“The answer is simple,” Eastman said. “I’m a parent, not a coach. I’ll clap for Jake but I very seldom even say ‘good shot’ or anything like that, because for that time period I’m the dad, not a coach. His coach is his coach.”

Whatever about the questionable rationale of shouting at children when they’re playing sport, one also has to consider the destructive and long-term impact negative feedback can have on a young person.

One simple, throwaway comment today can affect someone’s self-esteem for years. If we’re not careful with our words, we run the risk of pushing youngsters away from sport altogether and, far worse than that, leaving them with emotional scars that last for years, far away from the courts and the playing fields.

In that regard, Kerry GAA’s Silent Sideline project certainly appears to be a step in the right direction.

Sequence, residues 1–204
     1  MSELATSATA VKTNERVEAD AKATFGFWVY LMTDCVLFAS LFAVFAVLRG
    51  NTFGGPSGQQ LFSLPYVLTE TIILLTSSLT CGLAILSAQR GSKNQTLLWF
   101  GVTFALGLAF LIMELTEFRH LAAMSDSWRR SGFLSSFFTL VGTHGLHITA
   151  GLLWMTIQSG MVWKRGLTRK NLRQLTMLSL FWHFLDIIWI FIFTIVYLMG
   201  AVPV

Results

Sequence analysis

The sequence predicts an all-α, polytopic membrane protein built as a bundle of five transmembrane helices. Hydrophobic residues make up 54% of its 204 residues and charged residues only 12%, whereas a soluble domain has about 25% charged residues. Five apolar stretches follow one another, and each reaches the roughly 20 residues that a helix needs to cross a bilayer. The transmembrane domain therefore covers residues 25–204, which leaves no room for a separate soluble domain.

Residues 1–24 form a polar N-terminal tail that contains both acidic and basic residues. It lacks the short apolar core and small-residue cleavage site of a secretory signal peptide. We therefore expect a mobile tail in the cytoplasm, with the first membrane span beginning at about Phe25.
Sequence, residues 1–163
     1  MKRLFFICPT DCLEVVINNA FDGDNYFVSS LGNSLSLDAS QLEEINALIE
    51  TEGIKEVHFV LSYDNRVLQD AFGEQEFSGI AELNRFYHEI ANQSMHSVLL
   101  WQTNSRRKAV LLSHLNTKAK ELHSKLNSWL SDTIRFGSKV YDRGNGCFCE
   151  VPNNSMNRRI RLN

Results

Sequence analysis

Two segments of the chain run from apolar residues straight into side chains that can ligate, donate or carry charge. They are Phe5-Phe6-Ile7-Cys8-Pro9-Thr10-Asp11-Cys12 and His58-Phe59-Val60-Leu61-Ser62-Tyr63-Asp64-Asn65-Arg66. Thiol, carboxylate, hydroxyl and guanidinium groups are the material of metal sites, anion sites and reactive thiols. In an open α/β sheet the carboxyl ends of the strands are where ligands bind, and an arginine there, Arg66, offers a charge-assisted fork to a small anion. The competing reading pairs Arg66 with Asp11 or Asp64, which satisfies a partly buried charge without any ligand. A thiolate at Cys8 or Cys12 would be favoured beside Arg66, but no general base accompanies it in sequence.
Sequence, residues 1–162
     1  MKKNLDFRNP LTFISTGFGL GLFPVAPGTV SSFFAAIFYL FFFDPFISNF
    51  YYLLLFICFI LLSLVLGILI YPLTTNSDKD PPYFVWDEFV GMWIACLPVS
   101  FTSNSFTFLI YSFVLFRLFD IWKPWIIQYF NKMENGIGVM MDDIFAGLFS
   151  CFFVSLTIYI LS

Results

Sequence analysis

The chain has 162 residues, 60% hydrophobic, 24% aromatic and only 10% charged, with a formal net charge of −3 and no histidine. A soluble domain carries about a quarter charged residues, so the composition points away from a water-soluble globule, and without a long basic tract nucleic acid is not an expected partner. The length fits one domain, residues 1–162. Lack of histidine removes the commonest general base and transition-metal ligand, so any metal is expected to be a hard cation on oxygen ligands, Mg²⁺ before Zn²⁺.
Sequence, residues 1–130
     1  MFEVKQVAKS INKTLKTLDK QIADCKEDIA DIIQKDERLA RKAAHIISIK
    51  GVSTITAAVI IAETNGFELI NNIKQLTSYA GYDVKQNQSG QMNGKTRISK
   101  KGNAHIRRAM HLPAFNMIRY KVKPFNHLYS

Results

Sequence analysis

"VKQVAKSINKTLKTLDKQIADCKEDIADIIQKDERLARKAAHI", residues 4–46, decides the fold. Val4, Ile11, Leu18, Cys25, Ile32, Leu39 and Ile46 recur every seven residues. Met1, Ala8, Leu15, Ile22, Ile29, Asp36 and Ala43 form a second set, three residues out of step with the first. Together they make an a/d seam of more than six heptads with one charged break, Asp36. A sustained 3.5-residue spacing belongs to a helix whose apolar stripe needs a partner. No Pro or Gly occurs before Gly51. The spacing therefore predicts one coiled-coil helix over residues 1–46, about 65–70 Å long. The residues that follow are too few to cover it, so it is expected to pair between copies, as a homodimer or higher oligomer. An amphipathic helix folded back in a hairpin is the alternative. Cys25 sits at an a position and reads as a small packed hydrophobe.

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Are you getting enough sleep?

By Angela Kerrisk from Activate Fitness We have all heard the phrase “routine is the killer” however for many of us who, on a daily basis, stretch ourselves thin wearing a variety of different hats, simply creating a specific and sustainable routine will separate the successful and organised from the stressed and overwhelmed. Incorporating a […]

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By Angela Kerrisk from Activate Fitness

We have all heard the phrase “routine is the killer” however for many of us who, on a daily basis, stretch ourselves thin wearing a variety of different hats, simply creating a specific and sustainable routine will separate the successful and organised from the stressed and overwhelmed.

Incorporating a routine helps to bring direction and structure, and as Craig Ballantyne so wonderfully put it in his book ‘The Perfect Day’; “Structure = Freedom”.

In our childhood, we became accustomed to a bedtime routine. In fact, those of us who are parents go to great lengths to create this routine for our own children, knowing the benefits it brings. However, as we moved into adulthood, that same routine was thrown out the window by the demanding world of school and full-time work.